But it was only 1-0 at the half and a funny thing happened. Pellerud had seen that Gry Tofte Ims just couldn’t keep the ball, and replaced her with veteran Solveig Gulbrandsen, who had retired five YEARS ago (while in WPS) and – now at the age of 34 – is likely not as athletic or physical. With a slight tweak of formation, suddenly Norway at least had a toehold on the game, Germany was not able to go through them at will, and thanks to a perfectly placed free kick by Maren Mjelde, Norway was able to grab a point against what appear to be the tournament favorites.

Yes, they were out-shot 27-4 according to FIFA, but by the end, Norway was able to get up to 48 percent possession, and if you watched the game, they certainly deserved a point from their second-half performance. Much of the credit has to go to the wily veteran Pellerud, who made the correct adjustments both tactically and psychologically.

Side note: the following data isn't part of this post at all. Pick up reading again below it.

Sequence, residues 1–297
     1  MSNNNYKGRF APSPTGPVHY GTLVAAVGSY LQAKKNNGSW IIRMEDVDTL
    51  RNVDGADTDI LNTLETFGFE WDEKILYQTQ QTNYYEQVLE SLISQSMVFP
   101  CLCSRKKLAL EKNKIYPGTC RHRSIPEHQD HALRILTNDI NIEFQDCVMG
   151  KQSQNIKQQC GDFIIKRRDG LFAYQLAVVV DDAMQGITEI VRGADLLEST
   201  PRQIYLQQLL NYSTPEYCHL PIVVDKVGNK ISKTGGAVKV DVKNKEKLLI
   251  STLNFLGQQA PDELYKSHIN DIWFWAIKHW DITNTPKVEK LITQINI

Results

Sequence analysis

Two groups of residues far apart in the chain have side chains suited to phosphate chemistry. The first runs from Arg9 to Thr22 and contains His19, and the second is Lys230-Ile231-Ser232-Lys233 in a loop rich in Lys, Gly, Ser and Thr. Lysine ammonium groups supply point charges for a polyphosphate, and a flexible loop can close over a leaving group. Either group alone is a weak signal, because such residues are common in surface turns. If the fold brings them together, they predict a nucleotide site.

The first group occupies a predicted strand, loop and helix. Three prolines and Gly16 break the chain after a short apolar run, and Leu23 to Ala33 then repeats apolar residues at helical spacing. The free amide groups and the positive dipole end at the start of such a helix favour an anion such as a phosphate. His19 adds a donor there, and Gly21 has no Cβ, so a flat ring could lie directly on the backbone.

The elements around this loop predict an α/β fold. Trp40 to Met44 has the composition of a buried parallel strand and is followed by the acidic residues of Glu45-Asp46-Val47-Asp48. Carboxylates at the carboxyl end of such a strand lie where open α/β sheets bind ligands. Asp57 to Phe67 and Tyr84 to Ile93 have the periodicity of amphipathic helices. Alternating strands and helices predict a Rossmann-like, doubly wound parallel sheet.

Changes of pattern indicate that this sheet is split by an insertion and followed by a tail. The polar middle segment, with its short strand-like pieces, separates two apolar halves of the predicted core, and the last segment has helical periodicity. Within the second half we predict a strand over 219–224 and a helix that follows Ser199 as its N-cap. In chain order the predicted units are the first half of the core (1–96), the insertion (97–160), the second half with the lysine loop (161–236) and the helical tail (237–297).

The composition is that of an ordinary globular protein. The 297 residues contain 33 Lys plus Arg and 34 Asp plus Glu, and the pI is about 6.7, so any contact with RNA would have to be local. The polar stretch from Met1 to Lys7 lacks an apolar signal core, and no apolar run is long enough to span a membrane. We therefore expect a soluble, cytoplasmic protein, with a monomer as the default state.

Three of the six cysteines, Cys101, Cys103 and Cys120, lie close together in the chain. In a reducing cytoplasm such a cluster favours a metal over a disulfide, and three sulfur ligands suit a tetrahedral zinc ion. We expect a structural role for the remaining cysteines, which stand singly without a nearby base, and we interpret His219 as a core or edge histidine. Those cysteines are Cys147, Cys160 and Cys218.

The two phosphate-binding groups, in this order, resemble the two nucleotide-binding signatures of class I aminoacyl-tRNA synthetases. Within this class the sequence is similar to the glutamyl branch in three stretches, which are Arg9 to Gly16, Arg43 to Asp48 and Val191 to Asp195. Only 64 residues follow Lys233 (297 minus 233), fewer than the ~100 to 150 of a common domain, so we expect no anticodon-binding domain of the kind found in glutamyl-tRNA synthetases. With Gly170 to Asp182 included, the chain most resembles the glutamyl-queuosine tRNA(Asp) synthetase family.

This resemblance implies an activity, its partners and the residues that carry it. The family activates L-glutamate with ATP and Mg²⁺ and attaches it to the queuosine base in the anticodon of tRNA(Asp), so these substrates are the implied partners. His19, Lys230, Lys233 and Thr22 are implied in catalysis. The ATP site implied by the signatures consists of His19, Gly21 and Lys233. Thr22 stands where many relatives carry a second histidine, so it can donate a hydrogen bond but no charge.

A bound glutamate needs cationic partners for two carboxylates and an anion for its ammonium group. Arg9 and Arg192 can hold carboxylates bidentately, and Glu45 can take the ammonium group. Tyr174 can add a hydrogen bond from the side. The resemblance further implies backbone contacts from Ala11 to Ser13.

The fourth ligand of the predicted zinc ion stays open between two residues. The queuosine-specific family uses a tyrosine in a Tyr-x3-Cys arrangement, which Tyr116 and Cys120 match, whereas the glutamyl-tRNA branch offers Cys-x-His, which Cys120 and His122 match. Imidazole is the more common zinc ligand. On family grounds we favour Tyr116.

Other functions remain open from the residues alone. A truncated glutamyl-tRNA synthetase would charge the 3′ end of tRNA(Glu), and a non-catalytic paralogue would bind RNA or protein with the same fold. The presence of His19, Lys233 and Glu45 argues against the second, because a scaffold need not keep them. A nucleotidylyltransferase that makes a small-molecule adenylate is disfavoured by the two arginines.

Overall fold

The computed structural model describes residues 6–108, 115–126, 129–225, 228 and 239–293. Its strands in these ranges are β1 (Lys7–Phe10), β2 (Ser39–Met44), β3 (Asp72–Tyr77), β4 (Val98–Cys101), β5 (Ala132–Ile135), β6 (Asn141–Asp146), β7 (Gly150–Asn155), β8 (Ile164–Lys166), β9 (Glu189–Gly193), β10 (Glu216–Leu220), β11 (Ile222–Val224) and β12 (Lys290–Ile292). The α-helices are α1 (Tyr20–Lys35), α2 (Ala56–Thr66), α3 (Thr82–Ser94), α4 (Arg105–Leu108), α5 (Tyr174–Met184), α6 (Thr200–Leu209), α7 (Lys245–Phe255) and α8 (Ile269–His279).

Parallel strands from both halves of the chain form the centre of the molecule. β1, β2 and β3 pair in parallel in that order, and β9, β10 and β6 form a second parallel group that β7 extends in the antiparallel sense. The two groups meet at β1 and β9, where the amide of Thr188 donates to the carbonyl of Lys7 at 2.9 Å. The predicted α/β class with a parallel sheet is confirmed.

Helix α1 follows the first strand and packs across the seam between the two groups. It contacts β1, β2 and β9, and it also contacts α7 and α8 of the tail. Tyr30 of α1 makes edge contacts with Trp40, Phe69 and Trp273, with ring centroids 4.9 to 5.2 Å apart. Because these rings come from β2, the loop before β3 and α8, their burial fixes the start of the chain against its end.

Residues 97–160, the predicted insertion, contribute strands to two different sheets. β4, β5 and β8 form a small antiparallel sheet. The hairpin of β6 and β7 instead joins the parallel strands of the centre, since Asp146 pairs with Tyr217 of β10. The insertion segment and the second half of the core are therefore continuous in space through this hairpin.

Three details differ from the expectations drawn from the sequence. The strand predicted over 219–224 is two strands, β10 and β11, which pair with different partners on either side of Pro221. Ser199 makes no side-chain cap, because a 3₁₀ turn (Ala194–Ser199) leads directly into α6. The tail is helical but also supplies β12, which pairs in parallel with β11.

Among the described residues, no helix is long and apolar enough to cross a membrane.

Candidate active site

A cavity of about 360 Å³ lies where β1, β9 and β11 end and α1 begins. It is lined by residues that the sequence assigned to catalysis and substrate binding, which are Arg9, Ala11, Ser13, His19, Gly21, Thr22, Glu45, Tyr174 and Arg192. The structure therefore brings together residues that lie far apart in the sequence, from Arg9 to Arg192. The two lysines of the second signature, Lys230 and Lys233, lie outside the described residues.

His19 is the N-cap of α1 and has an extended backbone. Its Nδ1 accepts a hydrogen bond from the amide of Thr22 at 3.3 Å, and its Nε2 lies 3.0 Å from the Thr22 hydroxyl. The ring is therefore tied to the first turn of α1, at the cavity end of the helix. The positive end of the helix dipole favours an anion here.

And so, for Thursday at least, I tip my cap to you, Even Pellerud. Unfortunately, my copy of his book has long since gone to book heaven.

-Ray Curren

What else did we learn Thursday in Groups A and B?

Canada are likely through: Two games in to their home World Cup, Canada have yet to look particularly good and have not scored from the run of play. But by drawing New Zealand 0-0 the Canadians now have four points and thanks to a generous formula for advancing and the way other groups are shaking up that is very likely already enough. They have already clinched a top three spot in Group A and among other scenarios, they will advance if Germany draws or beats Thailand and neither England not Mexico beat France or England. Other scenarios apply as well, but for all intents and purposes Canada will play at least one knockout match.

-Dan Lauletta